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Our outcomes are enduring because they are culturally tailored and acceptable from the outset. This approach is effective whether the cultural divide is due to unfamiliarity in the international community or just between domestic regions or business sectors.

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The Big Picture from the Hill

This past Tuesday and Wednesday, the heads of U.S. Central Command (CENTCOM) and Special Operations Command (SOCOM), General James Mattis and Admiral William McRaven, respectively, appeared before the Senate and House Armed Services Committees ostensibly to testify on the FY2013 Defense Authorization.  Though the commanders and representatives rightly addressed the most pressing issues facing U.S. security, it is perhaps very telling that the defense budget didn’t make the cut for discussion during this hearing, as advertised.

As many combatant commands see their budgets being markedly cut (read EUCOM and the 2011 dissolving of Joint Forces Command (JFCOM)), SOCOM and CENTCOM are unique.  Neither is at risk for significant budget cuts and each appears to be either maintaining or requesting additional funds. SOCOM’s role in the future of conflict was discussed in particular as some congressmen questioned the transparency and accountability of the command, especially as it collaborates with the CIA. These concerns are not new; a New York Times article in mid-February argued that Admiral McRaven has a desire for “[a] freer hand in deployment of elite forces.”

The bulk of the hearings served to justify budget increases by focusing on the ever-increasing threats to American interests emanating from the Middle East and Central Asia, areas which, according to Gen. Mattis, have never been so tumultuous.  These threats are fourfold:

  1. Iran – The commanders emphasized that Iran is the primary threat to U.S. security, due to its increased overseas activities, like the attempted assassination of the Saudi ambassador to the U.S., and its influence in Syria, Bahrain, Kuwait, Yemen, and Sudan.  An Iranian attack could take the form of nuclear weapons, long-range missiles, blockades, or the clandestine Quds Force.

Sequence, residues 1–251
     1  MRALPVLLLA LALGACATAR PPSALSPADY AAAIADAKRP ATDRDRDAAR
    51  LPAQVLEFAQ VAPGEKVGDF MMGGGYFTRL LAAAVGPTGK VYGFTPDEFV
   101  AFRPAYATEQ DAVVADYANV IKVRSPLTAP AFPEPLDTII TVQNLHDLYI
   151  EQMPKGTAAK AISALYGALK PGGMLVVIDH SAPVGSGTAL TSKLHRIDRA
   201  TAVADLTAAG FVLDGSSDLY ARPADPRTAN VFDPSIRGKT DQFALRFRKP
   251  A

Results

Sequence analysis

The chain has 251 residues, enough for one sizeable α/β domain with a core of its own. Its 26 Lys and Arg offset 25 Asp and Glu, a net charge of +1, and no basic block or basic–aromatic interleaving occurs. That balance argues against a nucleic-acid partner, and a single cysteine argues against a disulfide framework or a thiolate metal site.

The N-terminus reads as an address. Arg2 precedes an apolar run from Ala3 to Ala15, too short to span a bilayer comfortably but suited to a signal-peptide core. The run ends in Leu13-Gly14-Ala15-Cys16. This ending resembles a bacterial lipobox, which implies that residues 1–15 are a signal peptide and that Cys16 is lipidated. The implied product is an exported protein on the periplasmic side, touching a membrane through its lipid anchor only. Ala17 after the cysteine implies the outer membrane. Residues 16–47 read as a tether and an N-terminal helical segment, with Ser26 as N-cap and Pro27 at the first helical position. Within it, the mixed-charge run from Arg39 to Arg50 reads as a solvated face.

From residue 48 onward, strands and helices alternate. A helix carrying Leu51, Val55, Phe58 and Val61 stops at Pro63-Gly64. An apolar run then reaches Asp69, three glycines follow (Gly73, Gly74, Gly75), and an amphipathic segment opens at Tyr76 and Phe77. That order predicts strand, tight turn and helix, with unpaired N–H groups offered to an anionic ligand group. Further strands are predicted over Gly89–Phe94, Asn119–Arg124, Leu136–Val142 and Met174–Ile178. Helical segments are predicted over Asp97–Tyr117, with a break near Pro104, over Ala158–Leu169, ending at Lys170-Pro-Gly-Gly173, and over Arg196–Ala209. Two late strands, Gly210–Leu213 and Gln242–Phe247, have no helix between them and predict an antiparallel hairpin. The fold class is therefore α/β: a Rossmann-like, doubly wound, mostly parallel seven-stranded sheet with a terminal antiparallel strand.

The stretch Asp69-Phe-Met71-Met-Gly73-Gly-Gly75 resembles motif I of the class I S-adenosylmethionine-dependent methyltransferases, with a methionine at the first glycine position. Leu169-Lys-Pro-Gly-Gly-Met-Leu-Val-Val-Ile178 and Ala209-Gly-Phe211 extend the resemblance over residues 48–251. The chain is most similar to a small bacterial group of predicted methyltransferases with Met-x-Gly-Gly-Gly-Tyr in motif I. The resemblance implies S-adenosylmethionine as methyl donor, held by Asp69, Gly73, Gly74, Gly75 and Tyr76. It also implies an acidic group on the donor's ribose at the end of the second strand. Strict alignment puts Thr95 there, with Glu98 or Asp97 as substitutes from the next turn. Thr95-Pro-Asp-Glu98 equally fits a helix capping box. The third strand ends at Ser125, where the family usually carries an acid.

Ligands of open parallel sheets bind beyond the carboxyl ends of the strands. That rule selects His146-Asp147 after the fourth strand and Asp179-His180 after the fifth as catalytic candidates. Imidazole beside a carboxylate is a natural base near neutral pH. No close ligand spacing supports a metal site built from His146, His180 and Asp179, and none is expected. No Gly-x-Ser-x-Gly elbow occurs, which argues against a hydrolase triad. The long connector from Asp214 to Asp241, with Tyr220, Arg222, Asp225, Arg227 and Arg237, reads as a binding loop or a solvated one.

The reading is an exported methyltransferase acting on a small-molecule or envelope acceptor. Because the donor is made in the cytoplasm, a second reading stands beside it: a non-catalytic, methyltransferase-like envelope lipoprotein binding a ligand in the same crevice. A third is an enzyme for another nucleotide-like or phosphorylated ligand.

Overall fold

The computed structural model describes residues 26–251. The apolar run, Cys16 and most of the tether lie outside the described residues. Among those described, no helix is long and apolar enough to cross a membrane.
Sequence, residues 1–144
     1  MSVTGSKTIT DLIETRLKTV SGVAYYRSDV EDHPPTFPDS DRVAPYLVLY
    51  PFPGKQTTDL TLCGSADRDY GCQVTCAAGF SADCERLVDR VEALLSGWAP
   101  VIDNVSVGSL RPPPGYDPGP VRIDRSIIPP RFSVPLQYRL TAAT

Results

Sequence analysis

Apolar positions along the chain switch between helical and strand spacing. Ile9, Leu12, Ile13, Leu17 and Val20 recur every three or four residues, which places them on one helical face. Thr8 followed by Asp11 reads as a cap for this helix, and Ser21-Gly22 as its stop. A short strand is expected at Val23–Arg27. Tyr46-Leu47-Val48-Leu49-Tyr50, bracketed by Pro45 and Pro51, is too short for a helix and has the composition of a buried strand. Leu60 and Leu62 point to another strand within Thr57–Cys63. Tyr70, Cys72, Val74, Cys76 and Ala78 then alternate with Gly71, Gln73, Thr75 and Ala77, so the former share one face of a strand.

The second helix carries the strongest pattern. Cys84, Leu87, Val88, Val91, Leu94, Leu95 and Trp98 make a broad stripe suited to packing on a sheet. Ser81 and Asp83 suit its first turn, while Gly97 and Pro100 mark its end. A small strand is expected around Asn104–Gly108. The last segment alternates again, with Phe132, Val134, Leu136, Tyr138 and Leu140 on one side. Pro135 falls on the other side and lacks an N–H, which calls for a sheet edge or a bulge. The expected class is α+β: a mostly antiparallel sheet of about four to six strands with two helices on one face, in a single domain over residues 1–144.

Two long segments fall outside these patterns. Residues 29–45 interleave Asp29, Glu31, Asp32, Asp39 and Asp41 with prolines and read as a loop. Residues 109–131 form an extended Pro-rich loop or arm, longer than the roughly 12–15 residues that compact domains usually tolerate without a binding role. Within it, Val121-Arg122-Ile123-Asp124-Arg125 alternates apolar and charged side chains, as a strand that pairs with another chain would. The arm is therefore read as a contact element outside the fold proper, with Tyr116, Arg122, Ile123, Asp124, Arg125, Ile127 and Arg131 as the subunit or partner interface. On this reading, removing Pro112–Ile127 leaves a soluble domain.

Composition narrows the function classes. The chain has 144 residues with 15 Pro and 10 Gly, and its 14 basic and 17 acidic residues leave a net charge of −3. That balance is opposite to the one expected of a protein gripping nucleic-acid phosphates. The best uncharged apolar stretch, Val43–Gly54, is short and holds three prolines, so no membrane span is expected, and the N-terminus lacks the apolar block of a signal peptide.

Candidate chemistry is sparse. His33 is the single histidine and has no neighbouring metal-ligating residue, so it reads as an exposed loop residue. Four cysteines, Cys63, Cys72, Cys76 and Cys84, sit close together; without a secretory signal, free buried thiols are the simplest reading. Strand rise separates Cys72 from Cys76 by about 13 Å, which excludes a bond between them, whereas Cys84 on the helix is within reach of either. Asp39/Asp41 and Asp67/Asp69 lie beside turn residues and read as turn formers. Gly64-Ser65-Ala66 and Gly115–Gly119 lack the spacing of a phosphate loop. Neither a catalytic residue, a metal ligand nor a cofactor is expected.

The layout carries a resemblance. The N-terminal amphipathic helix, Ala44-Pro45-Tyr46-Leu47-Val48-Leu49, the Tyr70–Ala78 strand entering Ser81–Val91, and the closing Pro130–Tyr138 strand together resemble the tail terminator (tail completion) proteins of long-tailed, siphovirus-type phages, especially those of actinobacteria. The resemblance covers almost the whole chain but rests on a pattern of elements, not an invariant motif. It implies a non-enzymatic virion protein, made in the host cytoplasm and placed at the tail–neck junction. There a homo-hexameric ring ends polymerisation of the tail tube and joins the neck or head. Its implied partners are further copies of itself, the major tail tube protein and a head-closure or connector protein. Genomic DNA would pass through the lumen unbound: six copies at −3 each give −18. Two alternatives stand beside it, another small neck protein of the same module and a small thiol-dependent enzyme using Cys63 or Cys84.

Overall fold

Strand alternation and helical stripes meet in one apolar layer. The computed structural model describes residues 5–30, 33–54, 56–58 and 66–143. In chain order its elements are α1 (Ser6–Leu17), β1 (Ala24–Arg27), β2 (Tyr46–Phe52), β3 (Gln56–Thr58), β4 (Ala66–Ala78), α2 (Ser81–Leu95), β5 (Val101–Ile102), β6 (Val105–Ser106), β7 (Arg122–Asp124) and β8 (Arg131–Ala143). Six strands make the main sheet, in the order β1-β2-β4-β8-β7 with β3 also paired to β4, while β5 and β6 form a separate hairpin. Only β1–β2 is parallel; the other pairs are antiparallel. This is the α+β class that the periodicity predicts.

2. Syria – The situation here is growing ever more chaotic, with over 7,500 now dead.  Gen. Mattis remarked that the situation will likely get worse before it gets better and that a longer conflict means a greater risk of civil war, as Assad might be capable of retaining power indefinitely.
  3. Al Qaeda – The organization is regaining strength, as evidenced by the recent killing of 139 civilians in Yemen and the reemergence of the group in western Iraq.  While Al Qaeda may be unable to significantly threaten any Middle Eastern government, it still poses a danger to the lives of their citizens.
  4. Afghanistan – The situation here has worsened recently due to the violent demonstrations against the U.S. military’s burning of Afghan prisoners’ Korans.  The commanders stressed that the military will not change the current strategy in Afghanistan but violence must be stemmed and security improved before the U.S. can pull out as planned in 2014.

This week’s Senate hearings generated a considerable amount of activity in the blogosphere and media space.  Interest was likely heightened by the recent statement by U.S. Attorney General Eric Holder arguing the legality of the U.S. targeting its own citizens abroad if they pose a risk to national security. Despite Holder not mentioning the role of SOCOM in these operations, both the traditional and digital media spaces were quick to draw the connection, with tweeters adding a SOCOM hashtag (#socom) to tweets regarding this announcement.

While the blogosphere and foreign policy community rage over the possibility of U.S. military interventions in Iran or Syria, the commanders’ comments on the post-2014 presence of U.S. troops in Afghanistan appeared to gain the most traction the media space.

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